Ohio Attacks Veterans Preference

A newly pro­posed bill in Ohio (House Bill 153) changes the old model for Vet­er­ans Pref­er­ence when ex-military can­di­dates apply for state jobs. The new pro­vi­sion no longer allows vet­er­ans the same hir­ing ben­e­fit from ser­vice as before. Vet­er­ans will still get addi­tional points added to their “score” of around 20 per­cent. These scores are com­piled after an assess­ment of the back­ground, qual­i­fi­ca­tions and expe­ri­ence of the appli­cant. With the new bill, Ohio agen­cies are able to select from the top 25 per­cent of appli­cants when more than 10 peo­ple apply and can now view all the scor­ing side by side, before and after the Pref­er­ence Points. This will erode the ben­e­fit of the pref­er­ence, in cer­tain cases.

Explained. For exam­ple, Bill Vet­eran and Joe Col­lege apply for the same job and have the best cre­den­tials. Bill scores 100 and Joe scores 95. Add the 20 per­cent Pref­er­ence. Now Bill scores 120. But Joe may still get the job because his score is within 25 per­cent of the top score.

Who cares? While this change may sound insignif­i­cant to some, it places a lim­ited ben­e­fit to mil­i­tary ser­vice, some­thing gov­ern­ment employ­ers used to value. In addi­tion, a vet­eran could score higher with­out the pref­er­ence and still not get the job because of the top 25 per­cent hir­ing cut­off. As a result, it could encour­age crony­ism, some­thing our gov­ern­ment needs lot less of these days. So, for the gov­ern­ment hir­ing agents who have a par­tic­u­lar dis­dain for vet­er­ans, this could become a prob­lem. As a result, there may no longer be a ben­e­fit of ser­vice in this arena. In typ­i­cal 1984 Dou­ble Speak, a vet­eran still gets the “Vet­er­ans Pref­er­ence” with­out the actual pref­er­ence. Yet another clas­sic chip away at the vet­er­ans ben­e­fits we earned. More wars, but less ben­e­fits for those who fight them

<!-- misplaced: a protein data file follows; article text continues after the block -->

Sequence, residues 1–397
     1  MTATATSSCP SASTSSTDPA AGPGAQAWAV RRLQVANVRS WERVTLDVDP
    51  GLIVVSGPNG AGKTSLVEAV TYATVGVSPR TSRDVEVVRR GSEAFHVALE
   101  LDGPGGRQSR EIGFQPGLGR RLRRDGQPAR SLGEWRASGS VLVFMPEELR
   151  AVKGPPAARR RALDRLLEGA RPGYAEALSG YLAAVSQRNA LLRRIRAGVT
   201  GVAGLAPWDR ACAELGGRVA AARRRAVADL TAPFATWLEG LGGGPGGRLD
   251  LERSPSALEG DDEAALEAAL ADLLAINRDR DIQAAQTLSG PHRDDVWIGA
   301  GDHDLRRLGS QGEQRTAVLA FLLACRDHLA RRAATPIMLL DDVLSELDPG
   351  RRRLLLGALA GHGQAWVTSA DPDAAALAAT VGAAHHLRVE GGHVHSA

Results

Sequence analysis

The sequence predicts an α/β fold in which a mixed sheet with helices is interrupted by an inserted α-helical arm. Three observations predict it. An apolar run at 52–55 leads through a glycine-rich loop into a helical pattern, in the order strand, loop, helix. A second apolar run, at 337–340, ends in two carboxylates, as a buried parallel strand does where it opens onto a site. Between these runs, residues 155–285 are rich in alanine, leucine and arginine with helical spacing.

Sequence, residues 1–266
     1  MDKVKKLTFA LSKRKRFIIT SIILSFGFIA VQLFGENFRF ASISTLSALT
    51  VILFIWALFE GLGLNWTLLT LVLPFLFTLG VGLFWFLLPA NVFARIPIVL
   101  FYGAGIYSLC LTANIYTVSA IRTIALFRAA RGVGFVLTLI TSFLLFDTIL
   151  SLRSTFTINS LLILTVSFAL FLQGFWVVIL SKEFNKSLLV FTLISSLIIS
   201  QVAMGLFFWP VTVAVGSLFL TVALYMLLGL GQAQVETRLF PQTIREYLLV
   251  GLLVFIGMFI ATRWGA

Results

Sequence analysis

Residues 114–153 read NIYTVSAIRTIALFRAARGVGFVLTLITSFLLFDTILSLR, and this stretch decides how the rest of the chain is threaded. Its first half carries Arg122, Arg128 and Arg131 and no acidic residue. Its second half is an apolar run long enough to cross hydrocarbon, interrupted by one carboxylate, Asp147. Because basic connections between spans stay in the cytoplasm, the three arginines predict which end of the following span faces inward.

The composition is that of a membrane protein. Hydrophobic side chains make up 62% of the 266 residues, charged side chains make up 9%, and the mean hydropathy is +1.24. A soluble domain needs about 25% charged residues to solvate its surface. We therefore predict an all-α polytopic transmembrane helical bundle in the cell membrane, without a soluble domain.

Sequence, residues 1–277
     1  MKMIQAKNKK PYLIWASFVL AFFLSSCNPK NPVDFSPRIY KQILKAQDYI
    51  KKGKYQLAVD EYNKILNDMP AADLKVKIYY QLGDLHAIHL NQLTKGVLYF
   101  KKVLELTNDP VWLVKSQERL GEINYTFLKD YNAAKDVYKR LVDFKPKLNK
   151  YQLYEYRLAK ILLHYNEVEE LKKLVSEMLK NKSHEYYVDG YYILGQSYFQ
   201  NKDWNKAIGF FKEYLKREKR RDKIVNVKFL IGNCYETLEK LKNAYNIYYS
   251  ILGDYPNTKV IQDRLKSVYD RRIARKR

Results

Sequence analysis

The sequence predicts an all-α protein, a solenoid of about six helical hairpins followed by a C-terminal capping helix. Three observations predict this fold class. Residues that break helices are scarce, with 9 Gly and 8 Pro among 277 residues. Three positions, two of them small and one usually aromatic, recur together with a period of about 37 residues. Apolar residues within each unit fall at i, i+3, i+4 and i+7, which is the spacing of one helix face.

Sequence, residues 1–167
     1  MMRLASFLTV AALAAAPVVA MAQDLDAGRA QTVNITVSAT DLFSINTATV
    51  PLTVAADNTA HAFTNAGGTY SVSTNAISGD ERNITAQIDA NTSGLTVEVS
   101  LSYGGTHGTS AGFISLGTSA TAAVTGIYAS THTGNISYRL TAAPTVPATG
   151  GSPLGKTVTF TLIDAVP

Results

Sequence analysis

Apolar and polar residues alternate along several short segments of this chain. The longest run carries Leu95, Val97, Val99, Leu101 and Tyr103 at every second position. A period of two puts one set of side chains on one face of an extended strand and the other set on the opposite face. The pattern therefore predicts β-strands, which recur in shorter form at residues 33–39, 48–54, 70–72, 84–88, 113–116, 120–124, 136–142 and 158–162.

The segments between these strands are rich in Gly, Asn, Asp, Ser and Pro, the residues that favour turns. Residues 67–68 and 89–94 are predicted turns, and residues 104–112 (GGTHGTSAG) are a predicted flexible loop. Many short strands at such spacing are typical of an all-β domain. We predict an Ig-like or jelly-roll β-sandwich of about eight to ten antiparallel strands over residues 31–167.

Another nail in the cof­fin. State and Fed­eral jobs used to be a reli­able alter­na­tive to pri­vate sec­tor employ­ment for vet­er­ans choos­ing to align their careers with their mil­i­tary ser­vice. After ser­vice, a gov­ern­ment job served as a straight­for­ward way to con­tinue a career in ser­vice of coun­try with­out the incon­sis­ten­cies of mil­i­tary life. With the cur­rent down­ward trend in hir­ing of vet­er­ans, now more than ever, these gov­ern­ment jobs serve as a reli­able source of employ­ment. Pri­vate sec­tor employ­ers are reluc­tant to fill job open­ings with vet­er­ans return­ing from Iraq and Afghanistan, caus­ing many vet­er­ans to omit mil­i­tary ser­vice from their resumes. But high vet­eran unem­ploy­ment and hir­ing dis­crim­i­na­tion be-damned. Our coun­try is quickly devel­op­ing a Vietnam-esq amne­sia when it comes to her vet­er­ans.

Take Action. For Ohio vet­er­ans, don’t take this one in the rump. Con­tact your Ohio state rep­re­sen­ta­tive to let them know we will not be for­got­ten again.

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  1. Congressman Goodwin please don’t forget us military veterans when considering bills that affect us. Keep up the good Work!


    Lynn Elston

  2. Here we go, attacking those who sacraficed so much for their country. Let’s not allow these lawmakers who never served their country dimish the scarafice so many have made so they can enjoy their freedom.

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